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|Anti-Defamation League calls Jim Rizoli Holocaust denier||October 29, 2009|
|David Riley 508-626-3919||Metrowest Daily News|
FRAMINGHAM -- In a statement on its Web site, the Anti-Defamation League says the host of a local cable TV show is an anti-Semite who promoted denial of the Holocaust in his program last week.
A post under the "Extremism" section of the league's Web site describes at length comments Jim Rizoli made during the Oct. 20 segment of his weekly show on Framingham Public Access television.
The league said Rizoli defended Iranian President Mahmoud Ahmadinejad from accusations that he denies the Holocaust, saying he "has some issues with the way the whole thing went down. Just like I do."
Rizoli also referred viewers to two Web sites, "both of which advance Holocaust denial arguments," the league statement said.
The show had not been posted to Rizoli's Web site as of yesterday.
A Town Meeting member and co-founder of the local group Concerned Citizens and Friends of Illegal Immigration Law Enforcement, Rizoli said yesterday the Anti-Defamation League is trying to create controversy where there is none.
He said he would have to look at the video to vouch for what the league attributes to him. He said he is being targeted in part because of his stance on illegal immigration, and denies doing anything wrong.
"I present information to make people think about both sides of issues," Rizoli said.
He said he does not deny that the Holocaust happened.
"People died, a lot of people died," Rizoli said. "But there are other issues, too. That's all I'm saying."
That's a common argument by Holocaust deniers, said Robert Trestan, civil rights counsel for the Anti-Defamation League's New England chapter.
"The questions that they are posing are a challenge to direct witness testimony and historical fact," Trestan said. "They're not just trying to engage people in a discussion. They're trying to engage people in a discussion that leads toward denial, and that's the goal."
It's not the first time Rizoli and his brother Joe have come under fire from a civil rights group. In two reports last year, the Southern Poverty Law Center aid Concerned Citizens and Friends of Illegal Immigration Law Enforcement had attracted hardcore racists and neo-Nazis.
The law center also said the brothers made a number of comments online denying the Holocaust. The Rizolis challenged both reports.
The league's statement is titled, "Xenophobe Jim Rizoli Delivers Holocaust Denial Diatribe on Public TV."
On his show, according to the ADL statement, Rizoli said he was unhappy with a newspaper article about the Dachau concentration camp and Ahmedinejad.
Rizoli said his audience had been "brainwashed for the last 50 years on the propaganda...that really isn't dealing with the subject matter straight on."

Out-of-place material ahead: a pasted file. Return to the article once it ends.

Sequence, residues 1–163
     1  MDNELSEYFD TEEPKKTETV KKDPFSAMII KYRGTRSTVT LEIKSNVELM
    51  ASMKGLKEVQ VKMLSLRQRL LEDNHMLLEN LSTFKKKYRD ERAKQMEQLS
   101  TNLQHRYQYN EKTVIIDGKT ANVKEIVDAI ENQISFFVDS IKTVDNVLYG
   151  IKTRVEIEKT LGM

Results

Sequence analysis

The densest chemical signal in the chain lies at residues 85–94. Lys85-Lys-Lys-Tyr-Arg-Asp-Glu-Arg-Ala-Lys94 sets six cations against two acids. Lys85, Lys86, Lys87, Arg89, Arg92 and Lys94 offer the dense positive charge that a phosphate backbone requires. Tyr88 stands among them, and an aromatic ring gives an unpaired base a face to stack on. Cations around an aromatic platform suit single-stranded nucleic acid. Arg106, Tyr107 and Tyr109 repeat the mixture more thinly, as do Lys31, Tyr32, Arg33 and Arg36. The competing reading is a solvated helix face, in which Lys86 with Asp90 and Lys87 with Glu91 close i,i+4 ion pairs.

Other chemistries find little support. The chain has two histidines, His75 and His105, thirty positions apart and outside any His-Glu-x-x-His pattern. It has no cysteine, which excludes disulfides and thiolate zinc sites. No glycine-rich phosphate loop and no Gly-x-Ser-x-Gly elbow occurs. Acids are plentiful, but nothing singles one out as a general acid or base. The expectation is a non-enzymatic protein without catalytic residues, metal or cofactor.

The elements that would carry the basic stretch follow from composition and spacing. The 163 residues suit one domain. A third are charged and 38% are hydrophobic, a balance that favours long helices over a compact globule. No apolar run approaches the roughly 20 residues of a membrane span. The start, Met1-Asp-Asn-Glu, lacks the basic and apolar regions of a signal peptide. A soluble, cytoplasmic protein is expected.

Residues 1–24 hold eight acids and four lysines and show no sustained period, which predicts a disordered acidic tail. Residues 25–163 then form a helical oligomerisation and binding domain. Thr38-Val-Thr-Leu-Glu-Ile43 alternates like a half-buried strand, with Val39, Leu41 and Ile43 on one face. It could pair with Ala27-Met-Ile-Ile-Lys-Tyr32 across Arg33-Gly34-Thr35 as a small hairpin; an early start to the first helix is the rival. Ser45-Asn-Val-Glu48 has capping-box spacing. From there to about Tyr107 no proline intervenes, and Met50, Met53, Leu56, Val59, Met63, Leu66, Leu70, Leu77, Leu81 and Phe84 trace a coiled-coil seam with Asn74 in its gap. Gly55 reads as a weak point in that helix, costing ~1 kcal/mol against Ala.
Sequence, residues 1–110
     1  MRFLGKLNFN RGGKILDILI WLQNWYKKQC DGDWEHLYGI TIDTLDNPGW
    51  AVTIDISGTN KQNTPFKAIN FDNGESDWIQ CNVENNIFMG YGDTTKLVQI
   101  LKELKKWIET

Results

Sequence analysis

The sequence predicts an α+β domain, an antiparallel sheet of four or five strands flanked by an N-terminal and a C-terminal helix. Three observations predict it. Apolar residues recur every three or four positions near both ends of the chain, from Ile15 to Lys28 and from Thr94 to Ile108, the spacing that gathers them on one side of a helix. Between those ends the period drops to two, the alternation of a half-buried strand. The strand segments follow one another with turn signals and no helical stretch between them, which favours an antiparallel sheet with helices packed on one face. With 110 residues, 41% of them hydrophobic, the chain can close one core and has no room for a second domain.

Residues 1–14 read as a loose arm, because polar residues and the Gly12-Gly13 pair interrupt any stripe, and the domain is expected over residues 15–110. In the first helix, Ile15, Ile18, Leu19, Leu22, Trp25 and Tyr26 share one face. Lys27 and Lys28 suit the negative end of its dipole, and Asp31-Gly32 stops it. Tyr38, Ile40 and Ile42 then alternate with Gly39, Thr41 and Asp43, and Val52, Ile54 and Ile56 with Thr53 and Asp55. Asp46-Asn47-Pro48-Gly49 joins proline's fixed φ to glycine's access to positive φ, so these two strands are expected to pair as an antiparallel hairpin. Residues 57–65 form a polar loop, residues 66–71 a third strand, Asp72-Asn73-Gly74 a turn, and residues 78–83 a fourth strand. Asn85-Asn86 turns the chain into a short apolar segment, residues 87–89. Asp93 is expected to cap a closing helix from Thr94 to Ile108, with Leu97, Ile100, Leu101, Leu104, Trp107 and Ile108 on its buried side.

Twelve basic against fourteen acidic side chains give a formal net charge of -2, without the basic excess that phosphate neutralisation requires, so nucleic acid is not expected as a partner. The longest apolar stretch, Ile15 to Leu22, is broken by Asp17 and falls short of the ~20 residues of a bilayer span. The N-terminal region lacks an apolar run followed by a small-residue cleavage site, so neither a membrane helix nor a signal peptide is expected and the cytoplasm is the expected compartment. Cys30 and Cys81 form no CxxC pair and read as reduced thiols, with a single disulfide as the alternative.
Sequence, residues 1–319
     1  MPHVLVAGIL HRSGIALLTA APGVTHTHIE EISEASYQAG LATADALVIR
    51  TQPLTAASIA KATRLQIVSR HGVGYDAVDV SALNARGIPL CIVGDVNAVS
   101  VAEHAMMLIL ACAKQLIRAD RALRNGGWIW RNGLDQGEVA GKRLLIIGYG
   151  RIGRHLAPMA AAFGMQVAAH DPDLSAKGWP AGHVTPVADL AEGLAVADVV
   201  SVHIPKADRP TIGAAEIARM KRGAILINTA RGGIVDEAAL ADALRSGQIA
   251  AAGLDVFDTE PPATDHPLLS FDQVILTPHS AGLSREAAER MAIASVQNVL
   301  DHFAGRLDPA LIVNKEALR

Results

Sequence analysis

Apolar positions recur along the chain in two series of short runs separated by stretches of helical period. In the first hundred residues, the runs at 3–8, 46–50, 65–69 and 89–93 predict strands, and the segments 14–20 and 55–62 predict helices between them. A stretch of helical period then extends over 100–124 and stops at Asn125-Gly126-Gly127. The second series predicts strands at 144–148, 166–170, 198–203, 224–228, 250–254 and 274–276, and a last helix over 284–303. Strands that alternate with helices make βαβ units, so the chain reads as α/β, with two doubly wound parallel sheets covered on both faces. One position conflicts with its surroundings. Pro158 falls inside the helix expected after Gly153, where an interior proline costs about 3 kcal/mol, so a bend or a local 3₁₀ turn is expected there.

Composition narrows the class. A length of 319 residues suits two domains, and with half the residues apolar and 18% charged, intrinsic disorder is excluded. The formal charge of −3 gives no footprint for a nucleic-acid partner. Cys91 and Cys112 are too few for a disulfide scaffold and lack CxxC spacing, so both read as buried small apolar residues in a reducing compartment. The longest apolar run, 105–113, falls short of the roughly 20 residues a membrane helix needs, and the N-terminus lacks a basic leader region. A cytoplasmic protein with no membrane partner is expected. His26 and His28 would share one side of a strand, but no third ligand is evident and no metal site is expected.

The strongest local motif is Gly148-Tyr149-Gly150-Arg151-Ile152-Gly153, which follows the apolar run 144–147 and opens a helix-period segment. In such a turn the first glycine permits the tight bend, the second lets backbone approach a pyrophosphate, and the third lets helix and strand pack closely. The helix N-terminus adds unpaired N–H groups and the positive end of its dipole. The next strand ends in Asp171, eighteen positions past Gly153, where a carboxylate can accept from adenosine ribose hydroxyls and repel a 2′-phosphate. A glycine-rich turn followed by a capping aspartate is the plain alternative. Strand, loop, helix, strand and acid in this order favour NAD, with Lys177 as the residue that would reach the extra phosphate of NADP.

According to the statement, Rizoli said he had not read anything where the Iranian leader denied the Holocaust or called for Israel to be destroyed. He said Ahmedinejad is "against the Zionists, he's not against Judaism."
Rizoli said Zionists are "the radical Jewish element that really have no respect for the United States, have no respect for anybody," and at another point called Zionists "nutsos," the league says.
He later recommended two Web sites, one of which promotes itself as "Nine hours of free Internet video about how the Holocaust is a myth," the ADL says.
Trestan said a viewer from Framingham called his group about the show.
He said the ADL felt people who are familiar with Rizoli's immigration views should know there is another side to his beliefs.
"I think it's letting people know what their true message and their true beliefs are," Trestan said.
Framingham resident Cathryn S. Kaner-Taytslin said she first read the statement on an e-mail list for her congregation at Temple Beth El in Sudbury.
She sent a link to the Framingham Community, or Framcom, e-mail list this week and suggested people boycott Rizoli's carpet-cleaning business.
"Hatred evolves over time, and as the ADL says, the challenge is not to wait to stand up until the final stage when it's too late," Kaner-Taytslin said yesterday.
Kaner-Taytslin, whose mother is a Holocaust survivor, said she's heard plenty of people who thanked her for speaking up.
Rizoli said the e-mail "slammed and defamed me" and called it "a witch hunt." After the note went out, he said a local chapter of Business Networking International, where he is a member, asked him not to attend an upcoming meeting.
Most people criticizing him haven't actually seen the show, Rizoli said. "It seems to me like somebody is coming after me and trying to make me look like I'm a bad guy. ...They're actually behaving like Nazis themselves," he said.
Framingham Public Access sent an e-mail to the Framcom list saying it is forbidden by law from controlling content unless it is illegal.
It comes down to free speech, Rizoli said: "You try to get people thinking - good, bad or indifferent."
Trestan agreed: "We have a right to tell people what he's saying, too."
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